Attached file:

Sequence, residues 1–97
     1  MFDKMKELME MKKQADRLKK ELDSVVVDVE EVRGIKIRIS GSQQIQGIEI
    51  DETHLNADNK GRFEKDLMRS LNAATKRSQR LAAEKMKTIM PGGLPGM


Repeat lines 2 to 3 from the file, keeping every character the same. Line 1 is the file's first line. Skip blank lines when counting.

     1  MFDKMKELME MKKQADRLKK ELDSVVVDVE EVRGIKIRIS GSQQIQGIEI
    51  DETHLNADNK GRFEKDLMRS LNAATKRSQR LAAEKMKTIM PGGLPGM